Pakistan kicks out Save the Children foreign staff

Save the Children would now have to rely completely on local staff members in Pakistan: The Asian nation’s government has ordered all of the organization’s six international employees to leave the country.

Pakistan’s Ministry of Interior did not disclose its reason for expelling the foreign aid workers, Save the Children spokesman Ghulam Qadir told news agencies.

The nongovernmental organization said it has been “urgently seeking clarification” after it was informed early this week by the Interior Ministry that visas for its international staff might not be renewed. “Like many other NGOs in Pakistan, there have been ongoing problems with securing visas over the last 15 months,” Save the Children said in a statement.

There have been news reports saying Pakistan’s move was related to the government’s suspicions that Save the Children supported a foreign spy agency in the Asian country. Pakistan has previously accused the organization of working with the U.S. Central Intelligence Agency to arrange a vaccination campaign used to confirm the location of al-Qaida leader Osama bin Laden in a Pakistani province.

Save the Children “strongly” denied the accusations and reports linking it to Dr. Shaki Afridi, who the CIA reportedly tapped to carry out a hepatitis B vaccination program in Abbottabad.

Alfridi was never employed by Save Children or “paid for any kind of work,” the group said. It also stressed that it has “never run” a vaccination program in Abbottabad, the town where Bin Laden was found and killed by U.S. soldiers.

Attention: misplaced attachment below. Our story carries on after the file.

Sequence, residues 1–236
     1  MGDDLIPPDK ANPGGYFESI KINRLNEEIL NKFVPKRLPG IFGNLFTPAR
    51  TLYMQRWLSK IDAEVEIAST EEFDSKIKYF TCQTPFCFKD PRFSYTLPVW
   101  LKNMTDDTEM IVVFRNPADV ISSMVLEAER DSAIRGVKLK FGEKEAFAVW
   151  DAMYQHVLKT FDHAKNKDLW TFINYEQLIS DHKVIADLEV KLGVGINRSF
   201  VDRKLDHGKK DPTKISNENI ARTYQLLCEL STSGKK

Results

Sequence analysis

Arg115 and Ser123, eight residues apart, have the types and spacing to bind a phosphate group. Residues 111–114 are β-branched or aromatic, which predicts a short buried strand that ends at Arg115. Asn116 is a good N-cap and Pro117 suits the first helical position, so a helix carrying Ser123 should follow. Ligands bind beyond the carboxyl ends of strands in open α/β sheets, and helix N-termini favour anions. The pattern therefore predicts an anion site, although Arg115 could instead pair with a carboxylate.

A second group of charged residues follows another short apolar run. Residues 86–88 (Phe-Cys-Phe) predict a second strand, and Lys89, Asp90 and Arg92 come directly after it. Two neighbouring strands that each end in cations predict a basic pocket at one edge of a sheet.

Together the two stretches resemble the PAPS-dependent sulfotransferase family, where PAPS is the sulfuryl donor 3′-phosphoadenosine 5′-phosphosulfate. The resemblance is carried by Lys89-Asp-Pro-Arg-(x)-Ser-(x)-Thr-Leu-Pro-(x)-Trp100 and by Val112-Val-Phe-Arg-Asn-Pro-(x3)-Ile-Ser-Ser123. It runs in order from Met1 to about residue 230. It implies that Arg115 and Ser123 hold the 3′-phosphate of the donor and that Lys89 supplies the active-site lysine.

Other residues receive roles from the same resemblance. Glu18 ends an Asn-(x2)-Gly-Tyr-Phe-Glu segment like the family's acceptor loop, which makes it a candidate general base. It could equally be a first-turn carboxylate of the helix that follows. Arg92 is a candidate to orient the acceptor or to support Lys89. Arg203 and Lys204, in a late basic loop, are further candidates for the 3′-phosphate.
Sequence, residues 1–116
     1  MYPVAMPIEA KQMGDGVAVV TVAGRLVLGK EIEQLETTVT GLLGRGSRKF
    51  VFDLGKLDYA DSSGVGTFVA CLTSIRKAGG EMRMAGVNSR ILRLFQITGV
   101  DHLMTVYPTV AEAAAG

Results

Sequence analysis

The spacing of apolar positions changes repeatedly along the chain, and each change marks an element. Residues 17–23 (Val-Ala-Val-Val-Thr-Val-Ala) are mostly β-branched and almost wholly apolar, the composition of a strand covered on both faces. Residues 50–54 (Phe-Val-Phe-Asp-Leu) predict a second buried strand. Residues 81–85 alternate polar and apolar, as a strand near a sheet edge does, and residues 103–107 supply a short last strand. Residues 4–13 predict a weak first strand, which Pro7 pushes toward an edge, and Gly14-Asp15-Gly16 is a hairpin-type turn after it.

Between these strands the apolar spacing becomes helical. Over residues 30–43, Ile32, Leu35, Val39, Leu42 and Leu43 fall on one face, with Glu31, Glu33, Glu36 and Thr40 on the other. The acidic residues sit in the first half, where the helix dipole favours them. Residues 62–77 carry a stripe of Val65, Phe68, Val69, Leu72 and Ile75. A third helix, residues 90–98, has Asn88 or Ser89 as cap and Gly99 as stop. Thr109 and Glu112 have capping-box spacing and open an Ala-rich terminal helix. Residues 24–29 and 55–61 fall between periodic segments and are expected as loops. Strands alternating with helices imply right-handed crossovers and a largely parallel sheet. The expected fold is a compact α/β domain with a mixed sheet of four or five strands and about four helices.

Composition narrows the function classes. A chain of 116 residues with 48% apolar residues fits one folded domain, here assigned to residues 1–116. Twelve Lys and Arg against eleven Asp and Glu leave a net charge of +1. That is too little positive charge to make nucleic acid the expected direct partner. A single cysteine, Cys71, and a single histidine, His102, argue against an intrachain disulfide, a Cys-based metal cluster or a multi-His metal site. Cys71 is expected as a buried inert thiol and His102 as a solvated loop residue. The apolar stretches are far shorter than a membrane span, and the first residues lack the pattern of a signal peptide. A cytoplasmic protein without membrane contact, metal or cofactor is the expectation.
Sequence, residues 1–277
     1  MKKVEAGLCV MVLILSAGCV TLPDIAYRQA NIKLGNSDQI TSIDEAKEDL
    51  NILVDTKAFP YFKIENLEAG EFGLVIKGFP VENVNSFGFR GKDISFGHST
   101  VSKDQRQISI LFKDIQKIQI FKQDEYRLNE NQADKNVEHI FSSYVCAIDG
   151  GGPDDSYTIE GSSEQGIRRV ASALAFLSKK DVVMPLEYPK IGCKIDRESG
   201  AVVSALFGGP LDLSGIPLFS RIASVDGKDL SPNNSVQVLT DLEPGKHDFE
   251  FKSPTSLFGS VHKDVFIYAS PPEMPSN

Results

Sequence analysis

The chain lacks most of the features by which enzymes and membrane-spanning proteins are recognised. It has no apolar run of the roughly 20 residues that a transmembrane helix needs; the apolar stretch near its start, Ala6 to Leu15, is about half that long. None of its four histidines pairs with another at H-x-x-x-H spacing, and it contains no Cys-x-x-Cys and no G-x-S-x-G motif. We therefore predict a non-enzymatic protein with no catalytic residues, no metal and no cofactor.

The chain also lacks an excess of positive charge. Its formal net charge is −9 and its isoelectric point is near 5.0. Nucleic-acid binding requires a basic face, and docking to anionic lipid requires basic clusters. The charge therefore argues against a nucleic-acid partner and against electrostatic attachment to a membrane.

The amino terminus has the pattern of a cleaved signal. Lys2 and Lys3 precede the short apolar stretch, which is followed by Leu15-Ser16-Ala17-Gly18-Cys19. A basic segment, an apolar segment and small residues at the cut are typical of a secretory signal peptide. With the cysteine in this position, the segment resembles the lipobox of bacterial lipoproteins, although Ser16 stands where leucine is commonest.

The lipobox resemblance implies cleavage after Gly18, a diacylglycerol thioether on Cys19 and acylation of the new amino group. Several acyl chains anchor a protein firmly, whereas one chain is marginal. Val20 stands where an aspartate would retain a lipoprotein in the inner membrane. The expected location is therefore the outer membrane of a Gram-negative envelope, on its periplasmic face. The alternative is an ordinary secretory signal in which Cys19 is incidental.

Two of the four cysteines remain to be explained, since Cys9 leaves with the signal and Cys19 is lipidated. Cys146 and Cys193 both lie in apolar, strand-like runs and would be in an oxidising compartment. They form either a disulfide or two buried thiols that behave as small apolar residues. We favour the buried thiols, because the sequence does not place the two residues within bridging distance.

Patrick Ventrell, acting deputy spokesman for the U.S. Department of State, said in a press briefing that the United States has reached out to Pakistan. It urged the government to let Save the Children continue operating there, adding that “independent NGOs are among the essential building blocks of any healthy democracy.”

Save the Children said its operations in Pakistan continues — supported by a staff of 2,000 Pakistanis that run programs reaching more than 7 million people across the country. The group has been working in Pakistan since 1979.

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About the author

  • Ivy Mungcal

    As former senior staff writer, Ivy Mungcal contributed to several Devex publications. Her focus is on breaking news, and in particular on global aid reform and trends in the United States, Europe, the Caribbean, and the Americas. Before joining Devex in 2009, Ivy produced specialized content for U.S. and U.K.-based business websites.